• Shoulder Press: Deltoids
  • Chest Press: Pectorals
  • Tricep Press: Triceps
  • Bicep Curls: Biceps
  • Bent Row: Latissimus Dorsi
  • Squats: Abdominals, Glutes, and Quadriceps
  • Calf Raises: Calves and Hamstrings
  • Deadlift: Trapezius, and Hamstrings

Does the X3 program work on my core and abs?

While there are no ab specific exercises, research indicates that the deadlift and the front squat exercises activate the abdominal muscles more effectively than ab-specific exercises. Abs are stabilizing muscles, which grow when used as such.

The X3 bar 12 week program stimulates these even more because the weight goes up, as you move into stronger ranges. With X3 there is more activation, more natural growth hormone triggering (this is a growth hormone axis) and more ab growth.

Does the X3 target fast or slow twitch muscles?

The training applied to stimulate fast vs slow twitch is turning out to be conflicting. The most conclusive evidence shows that momentary fatigue using resistance stimulates growth of both types the same. See this meta-analysis study:

Schoenfeld BJ. The mechanisms of muscle hypertrophy and their application to resistance training. J Strength Cond Res. 2010.

Does X3 help with osteoporosis or increase bone strength?

X3 will have little if any effect on bone density, the reason being that forces of 4.2 multiples of body weight are required to trigger bone growth, and most individuals aren’t capable of lifting that heavy of a resistance - even with the X3. If you’re looking to improve your bone density you’ll want to look into visiting an OsteoStrong location!

Why do you recommend against cardio with the X3?

The vast majority of people engaging in “cardio” exercise do so to reduce their body fat. This may be one of the worst approaches to achieving that goal because cardiovascular exercise up-regulates cortisol.

This has an impact that runs counter to what these fitness enthusiasts want. Cortisol reduces muscle mass and protects body fat so that you keep that fat in your body as a backup energy supply for as long as possible. Basically, your body adapts to its environment and endurance exercise sends a signal that the body needs a substantial energy supply available at all times.

The use of X3, on the other hand, does not increase cortisol like cardio does. Instead, X3 upregulates growth hormone, which can increase tendon and ligament repair, accelerate the loss of body fat, and increase general fitness levels.

Some people also engage in cardio because they want to promote cardiovascular health. It’s not well publicized, but research has repeatedly shown that strength training promotes the same or greater changes on cardio related health metrics. This is discussed at length in our book, Weight Lifting is a Waste of Time.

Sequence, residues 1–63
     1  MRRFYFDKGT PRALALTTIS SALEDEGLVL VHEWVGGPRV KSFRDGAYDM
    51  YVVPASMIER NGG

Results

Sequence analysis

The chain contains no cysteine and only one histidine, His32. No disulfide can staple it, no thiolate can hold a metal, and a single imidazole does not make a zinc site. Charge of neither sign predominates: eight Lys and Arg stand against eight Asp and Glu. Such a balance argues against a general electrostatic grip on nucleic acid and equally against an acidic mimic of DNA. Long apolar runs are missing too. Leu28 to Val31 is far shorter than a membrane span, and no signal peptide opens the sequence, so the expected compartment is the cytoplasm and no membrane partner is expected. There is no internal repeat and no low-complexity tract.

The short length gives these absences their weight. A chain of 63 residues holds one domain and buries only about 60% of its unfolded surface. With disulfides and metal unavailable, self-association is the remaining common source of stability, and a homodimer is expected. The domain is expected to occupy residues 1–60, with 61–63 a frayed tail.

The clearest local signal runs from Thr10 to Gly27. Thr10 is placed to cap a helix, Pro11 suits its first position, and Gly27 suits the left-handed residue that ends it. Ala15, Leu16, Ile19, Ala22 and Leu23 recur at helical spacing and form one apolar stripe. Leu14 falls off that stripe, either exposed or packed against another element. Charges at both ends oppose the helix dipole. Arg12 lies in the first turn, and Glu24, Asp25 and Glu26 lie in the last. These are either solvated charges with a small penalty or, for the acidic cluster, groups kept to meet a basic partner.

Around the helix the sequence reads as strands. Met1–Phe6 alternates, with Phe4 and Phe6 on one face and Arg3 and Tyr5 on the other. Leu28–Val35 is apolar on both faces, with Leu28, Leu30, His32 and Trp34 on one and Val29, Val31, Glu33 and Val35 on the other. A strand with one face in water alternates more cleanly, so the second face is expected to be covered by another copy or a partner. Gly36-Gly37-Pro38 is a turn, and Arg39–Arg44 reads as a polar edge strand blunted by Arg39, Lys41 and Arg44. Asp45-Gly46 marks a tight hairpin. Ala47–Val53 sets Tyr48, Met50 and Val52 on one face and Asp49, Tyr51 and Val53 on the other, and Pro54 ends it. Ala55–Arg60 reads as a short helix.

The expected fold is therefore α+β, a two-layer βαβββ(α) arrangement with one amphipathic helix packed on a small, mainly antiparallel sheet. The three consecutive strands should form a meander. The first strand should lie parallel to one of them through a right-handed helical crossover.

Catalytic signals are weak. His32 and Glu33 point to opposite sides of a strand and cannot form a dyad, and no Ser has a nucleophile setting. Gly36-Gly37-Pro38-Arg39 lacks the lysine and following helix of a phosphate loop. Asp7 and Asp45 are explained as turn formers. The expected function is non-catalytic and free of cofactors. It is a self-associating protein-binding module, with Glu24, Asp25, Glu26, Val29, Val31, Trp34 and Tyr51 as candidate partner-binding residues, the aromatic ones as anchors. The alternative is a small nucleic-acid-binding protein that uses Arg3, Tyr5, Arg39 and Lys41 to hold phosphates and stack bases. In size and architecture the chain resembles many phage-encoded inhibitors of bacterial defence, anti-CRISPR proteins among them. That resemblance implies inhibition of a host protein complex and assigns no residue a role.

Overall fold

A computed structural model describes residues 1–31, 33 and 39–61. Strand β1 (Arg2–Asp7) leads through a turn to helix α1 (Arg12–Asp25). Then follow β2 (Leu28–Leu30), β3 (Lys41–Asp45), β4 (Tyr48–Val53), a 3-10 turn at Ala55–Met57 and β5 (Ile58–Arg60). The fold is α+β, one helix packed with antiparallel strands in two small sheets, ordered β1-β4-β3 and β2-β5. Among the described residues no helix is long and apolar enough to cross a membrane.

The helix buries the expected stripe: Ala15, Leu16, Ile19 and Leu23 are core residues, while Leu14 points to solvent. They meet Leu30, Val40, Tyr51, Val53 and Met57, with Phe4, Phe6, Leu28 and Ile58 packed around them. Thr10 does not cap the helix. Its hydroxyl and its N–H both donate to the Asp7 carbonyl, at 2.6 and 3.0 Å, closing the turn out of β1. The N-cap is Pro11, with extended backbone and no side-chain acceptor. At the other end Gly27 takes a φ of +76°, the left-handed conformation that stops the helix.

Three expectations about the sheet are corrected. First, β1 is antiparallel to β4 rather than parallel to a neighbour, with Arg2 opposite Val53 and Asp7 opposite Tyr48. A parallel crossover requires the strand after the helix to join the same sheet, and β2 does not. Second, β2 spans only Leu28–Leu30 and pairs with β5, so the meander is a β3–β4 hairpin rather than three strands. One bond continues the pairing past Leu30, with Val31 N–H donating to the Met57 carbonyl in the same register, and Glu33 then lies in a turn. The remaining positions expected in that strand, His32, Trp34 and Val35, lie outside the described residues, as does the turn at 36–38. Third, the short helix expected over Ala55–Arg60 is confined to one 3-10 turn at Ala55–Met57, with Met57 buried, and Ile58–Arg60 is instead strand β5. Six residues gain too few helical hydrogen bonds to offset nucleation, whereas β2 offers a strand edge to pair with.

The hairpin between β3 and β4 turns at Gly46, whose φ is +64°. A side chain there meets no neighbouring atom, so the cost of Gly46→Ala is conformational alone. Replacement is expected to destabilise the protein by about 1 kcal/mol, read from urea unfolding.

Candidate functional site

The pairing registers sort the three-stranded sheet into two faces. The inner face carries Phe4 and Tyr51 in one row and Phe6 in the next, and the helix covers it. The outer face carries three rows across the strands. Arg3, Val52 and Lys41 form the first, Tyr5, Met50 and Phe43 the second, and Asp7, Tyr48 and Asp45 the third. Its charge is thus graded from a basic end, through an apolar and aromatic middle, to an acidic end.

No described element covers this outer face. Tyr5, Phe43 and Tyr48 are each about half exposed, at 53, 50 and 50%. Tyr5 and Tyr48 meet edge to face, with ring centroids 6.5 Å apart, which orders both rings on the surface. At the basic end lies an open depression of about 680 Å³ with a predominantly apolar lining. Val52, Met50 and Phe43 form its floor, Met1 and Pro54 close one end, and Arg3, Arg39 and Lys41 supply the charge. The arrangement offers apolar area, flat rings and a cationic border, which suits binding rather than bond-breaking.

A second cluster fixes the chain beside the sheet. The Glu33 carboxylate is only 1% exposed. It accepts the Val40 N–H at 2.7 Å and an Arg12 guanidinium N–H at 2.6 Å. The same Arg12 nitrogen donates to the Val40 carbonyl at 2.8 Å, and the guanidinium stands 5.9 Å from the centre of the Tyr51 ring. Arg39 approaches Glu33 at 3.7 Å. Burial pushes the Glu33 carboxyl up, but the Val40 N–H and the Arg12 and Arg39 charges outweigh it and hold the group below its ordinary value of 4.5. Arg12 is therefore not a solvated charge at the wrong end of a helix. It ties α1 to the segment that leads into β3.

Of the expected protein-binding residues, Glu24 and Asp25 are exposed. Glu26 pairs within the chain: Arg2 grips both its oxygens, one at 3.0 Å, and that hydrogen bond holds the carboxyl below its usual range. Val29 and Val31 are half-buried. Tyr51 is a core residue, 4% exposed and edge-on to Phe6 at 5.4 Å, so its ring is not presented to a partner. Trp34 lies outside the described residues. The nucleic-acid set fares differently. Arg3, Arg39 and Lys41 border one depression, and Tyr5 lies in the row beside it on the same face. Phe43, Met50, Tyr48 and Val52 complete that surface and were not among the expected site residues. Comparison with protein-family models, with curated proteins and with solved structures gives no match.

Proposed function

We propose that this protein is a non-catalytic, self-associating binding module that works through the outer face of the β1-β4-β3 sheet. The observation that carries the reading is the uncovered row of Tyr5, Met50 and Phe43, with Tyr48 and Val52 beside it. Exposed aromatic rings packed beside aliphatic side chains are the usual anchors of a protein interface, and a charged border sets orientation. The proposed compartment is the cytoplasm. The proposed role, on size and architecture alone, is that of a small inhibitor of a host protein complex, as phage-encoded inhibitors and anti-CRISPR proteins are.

Cortisol is upregulated in endurance exercise. This sacrifices muscle in favor of protecting body fat. Schwarz, L., & Kindermann, W. (1989). β-Endorphin, catecholamines, and cortisol during exhaustive endurance exercise. International journal of sports medicine, 10(05), 324-328.

Higher cortisol levels are associated with muscle loss.

Peeters, G. M. E. E., Van Schoor, N. M., Van Rossum, E. F. C., Visser, M., & Lips, P. T. A. M. (2008). The relationship between cortisol, muscle mass and muscle strength in older persons and the role of genetic variations in the glucocorticoid receptor. Clinical endocrinology, 69(4), 673-682.

Higher cortisol levels contribute to faster and longer lasting body fat storage.

Moyer, A. E., Rodin, J., Grilo, C. M., Cummings, N., Larson, L. M., & Rebuffé‐Scrive, M. (1994). Stress‐induced cortisol response and fat distribution in women. Obesity research, 2(3), 255-262.


Over 100 studies analyzed (known as a meta-analysis) show brief, high-intensity interval training to increase endurance as much as, or more than, traditional endurance training. Importantly, duration appears to be less important than intensity. These data suggest that the shorter duration and higher intensity of resistance training may give it an advantage over intervals in building cardiovascular fitness.

Steele, J., Fisher, J., & Bruce-Low, S. (2012). Resistance training to momentary muscular failure improves cardiovascular fitness in humans: a review of acute physiological responses and chronic physiological adaptations. Journal of Exercise Physiology Online, 15(3), 53-80.